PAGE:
INSIDE SOURCES

Now outside looking in, McAdams said Utahns care about solving problems not political games

Nov 12, 2021, 6:28 PM
Ben McAdams...
File photo Salt Lake County Mayor Jen McAdams, taken in Herriman High School on Thursday, June 14, 2018. (James Wooldridge, Deseret News)
(James Wooldridge, Deseret News)

SALT LAKE CITY —  A former Utah congressman says Utahns don’t care about which party helps unsnarled traffic by fixing or building a bridge. They just want it done. 

After serving as the mayor of Salt Lake County, Ben McAdams represented Utah’s 4th congressional district from 2019 to 2021 and was the only Democrat in Utah’s congressional delegation.

McAdams joined Boyd Matheson, host of Inside Sources, to talk about the recently passed legislation pushed by the Biden administration and about what lies ahead in the world of D.C. politics.

“With your experience as it relates to infrastructure and social spending packages, what is it that you wish your former colleagues in Congress would be talking about . . . in relationship to these issues?” Boyd asked.

McAdams said he was happy to see the $1 trillion infrastructure bill pass.

The $1 trillion package of highway, broadband and other infrastructure improvements was passed last week. President Joe Biden will sign the bipartisan bill into law Monday.

“I was happy to see Senator Romney play a leadership role in negotiating a transportation infrastructure package. I know it wasn’t everything that he wanted, but that’s the art of pragmatism and compromise,” McAdams said.

He said he was also pleased to see 13 House Republicans voting for the bill along with progressive Democrats. But McAdams denounced the bitter partisanship that followed passage of the bill.

“What is troubling to me is the people who continue to say that, anybody who voted to move that infrastructure package forward is a betrayal to the Republican Party or a betrayal to the Democratic Party. This is about putting our country first and not partisan politics,” McAdams said.

He added Utahns stuck in traffic or breathing smog don’t care who deserves credit for unsnarling traffic or cleaning the air by taking cars, buses and trucks off roads.

“They just care that somebody’s stepping forward to solve their problems. So I commend those who came together and helped to pass that legislation.”

“I’m disappointed in those who continue to wage partisan warfare on both sides with something as American as investing in our interstates and our roads and in transportation,” McAdams said.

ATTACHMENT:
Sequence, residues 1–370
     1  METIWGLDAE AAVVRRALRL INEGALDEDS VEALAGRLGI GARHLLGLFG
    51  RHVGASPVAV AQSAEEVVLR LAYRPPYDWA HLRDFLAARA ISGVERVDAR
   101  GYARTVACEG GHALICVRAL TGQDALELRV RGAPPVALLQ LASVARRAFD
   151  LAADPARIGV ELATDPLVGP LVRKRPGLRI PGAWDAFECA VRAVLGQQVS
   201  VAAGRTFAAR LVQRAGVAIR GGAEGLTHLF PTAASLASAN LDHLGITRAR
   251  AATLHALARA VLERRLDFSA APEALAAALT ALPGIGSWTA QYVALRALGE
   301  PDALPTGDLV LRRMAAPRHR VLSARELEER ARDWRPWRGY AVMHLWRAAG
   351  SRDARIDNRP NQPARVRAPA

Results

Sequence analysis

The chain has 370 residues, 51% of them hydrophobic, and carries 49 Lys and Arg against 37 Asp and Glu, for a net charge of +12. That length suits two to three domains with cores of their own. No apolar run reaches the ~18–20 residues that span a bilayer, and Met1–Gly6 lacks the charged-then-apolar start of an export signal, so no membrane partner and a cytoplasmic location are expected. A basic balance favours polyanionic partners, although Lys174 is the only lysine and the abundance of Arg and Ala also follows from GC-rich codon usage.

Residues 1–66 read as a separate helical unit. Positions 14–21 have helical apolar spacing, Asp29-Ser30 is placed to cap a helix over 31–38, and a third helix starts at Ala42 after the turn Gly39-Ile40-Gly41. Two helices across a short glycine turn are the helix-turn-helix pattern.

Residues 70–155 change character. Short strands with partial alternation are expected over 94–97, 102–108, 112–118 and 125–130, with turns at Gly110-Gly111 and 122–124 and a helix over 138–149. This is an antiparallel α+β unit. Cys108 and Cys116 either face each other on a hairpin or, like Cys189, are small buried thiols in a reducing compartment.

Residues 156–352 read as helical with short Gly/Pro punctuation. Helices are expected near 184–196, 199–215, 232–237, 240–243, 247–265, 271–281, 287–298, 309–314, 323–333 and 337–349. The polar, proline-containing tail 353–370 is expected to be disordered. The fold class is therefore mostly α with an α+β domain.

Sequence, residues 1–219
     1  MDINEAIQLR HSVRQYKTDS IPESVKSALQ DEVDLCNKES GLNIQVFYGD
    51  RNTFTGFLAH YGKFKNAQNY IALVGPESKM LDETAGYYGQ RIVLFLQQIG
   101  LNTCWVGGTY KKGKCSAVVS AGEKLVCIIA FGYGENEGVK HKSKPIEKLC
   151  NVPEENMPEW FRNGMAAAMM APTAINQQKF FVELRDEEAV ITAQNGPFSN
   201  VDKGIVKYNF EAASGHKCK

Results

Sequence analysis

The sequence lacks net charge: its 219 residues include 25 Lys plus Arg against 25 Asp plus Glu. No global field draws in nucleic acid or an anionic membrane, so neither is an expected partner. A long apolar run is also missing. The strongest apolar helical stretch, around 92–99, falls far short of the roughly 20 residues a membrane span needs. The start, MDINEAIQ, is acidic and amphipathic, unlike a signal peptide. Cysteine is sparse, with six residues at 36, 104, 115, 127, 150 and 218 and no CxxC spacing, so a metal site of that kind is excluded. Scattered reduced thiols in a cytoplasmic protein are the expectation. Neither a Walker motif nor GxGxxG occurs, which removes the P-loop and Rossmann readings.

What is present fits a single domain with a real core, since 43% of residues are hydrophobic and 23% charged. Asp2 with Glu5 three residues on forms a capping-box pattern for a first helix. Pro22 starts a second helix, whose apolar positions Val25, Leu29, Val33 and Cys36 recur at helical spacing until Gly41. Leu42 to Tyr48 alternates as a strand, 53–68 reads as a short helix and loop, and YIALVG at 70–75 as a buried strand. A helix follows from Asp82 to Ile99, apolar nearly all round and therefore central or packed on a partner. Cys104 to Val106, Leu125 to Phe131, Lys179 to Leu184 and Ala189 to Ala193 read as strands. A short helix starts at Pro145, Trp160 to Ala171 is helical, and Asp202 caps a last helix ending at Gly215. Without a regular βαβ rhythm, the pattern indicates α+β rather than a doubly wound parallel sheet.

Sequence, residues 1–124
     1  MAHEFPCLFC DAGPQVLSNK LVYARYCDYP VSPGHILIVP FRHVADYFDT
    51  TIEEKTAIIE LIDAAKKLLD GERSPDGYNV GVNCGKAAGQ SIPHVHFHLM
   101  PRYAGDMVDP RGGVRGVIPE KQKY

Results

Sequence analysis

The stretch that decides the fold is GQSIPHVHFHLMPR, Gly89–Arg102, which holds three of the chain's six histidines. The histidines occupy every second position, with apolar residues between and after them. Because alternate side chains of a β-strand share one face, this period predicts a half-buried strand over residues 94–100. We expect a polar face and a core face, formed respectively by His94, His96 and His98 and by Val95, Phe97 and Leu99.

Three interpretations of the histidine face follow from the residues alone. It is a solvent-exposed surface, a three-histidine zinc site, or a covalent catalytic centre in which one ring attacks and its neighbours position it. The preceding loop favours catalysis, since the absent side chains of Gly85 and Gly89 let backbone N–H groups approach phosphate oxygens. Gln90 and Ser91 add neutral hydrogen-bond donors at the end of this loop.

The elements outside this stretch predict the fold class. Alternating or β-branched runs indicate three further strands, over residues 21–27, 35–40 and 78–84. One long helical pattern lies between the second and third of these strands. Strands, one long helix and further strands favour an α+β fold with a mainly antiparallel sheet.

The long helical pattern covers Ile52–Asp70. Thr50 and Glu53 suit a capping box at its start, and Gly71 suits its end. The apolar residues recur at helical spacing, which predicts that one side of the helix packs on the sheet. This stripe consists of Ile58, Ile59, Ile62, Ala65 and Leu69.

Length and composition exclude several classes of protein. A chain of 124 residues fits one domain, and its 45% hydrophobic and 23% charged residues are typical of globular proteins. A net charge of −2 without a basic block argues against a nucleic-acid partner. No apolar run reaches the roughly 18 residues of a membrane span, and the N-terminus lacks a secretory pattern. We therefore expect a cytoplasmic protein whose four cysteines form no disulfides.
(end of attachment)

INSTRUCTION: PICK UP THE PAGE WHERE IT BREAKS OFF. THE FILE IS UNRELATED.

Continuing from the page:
Inside Sources with Boyd Matheson can be heard weekdays from 1 p.m. to 3 p.m. on KSL NewsRadio. Users can find the show on the KSL NewsRadio website and app. 

Today’s Top Stories

Inside Sources

Great Salt Lake low water...
Curt Gresseth

Great Salt Lake could use your help now, says expert

The Great Salt Lake is an essential stopover for migrating birds and a financial driver of the state economy, but it is suffering historic water lows amid a drought. The good news, says a water-conservation expert, is residents and legislators have the tools needed to raise the water levels of the lake back again.
4 days ago
vaccinate the world...
Curt Gresseth

How to vaccinate the whole world (not just rich countries) against COVID

A global-supply chain expert discusses the steps necessary to vaccinate the whole world -- not just wealthy countries -- against COVID-19.
15 days ago
FILE - Violent insurrectionists loyal to President Donald Trump stand outside the U.S. Capitol in W...
Curt Gresseth

Utah Rep. Curtis reflects on US Capitol riot one year later

Rep. John Curtis says there's a lot that isn't known about the Capitol riot, or about the scar it created in Congress.
17 days ago
Utah State Flag...
Curt Gresseth

Is it time for Utah to upgrade the state flag?

A state task force is taking steps to design a new flag for Utah and it wants your help in coming up with a new and better design.
24 days ago
interest rates...
Curt Gresseth

Inflation usually makes the Fed hike interest rates. Here’s what that means

Inflation is on the rise, and to combat this, the Fed will start to raise interest rates. And it'll do that by buying fewer bonds.
1 month ago
fentanyl overdose...
Curt Gresseth

Fentanyl overdoses killing more Americans than COVID-19

Between 2020 and 2021, nearly 79,000 Americans between 18 and 45 years old died of fentanyl overdoses. A professional at Huntsman Mental Health talks about ways to help a friend or loved one struggling with an addiction.
1 month ago
Now outside looking in, McAdams said Utahns care about solving problems not political games